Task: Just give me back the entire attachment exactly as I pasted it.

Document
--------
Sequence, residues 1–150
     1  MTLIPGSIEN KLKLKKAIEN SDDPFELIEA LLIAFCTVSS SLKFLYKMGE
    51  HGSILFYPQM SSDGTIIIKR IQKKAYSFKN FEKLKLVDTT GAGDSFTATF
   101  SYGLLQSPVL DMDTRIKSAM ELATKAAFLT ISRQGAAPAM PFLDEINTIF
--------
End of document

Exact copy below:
Sequence, residues 1–150
     1  MTLIPGSIEN KLKLKKAIEN SDDPFELIEA LLIAFCTVSS SLKFLYKMGE
    51  HGSILFYPQM SSDGTIIIKR IQKKAYSFKN FEKLKLVDTT GAGDSFTATF
   101  SYGLLQSPVL DMDTRIKSAM ELATKAAFLT ISRQGAAPAM PFLDEINTIF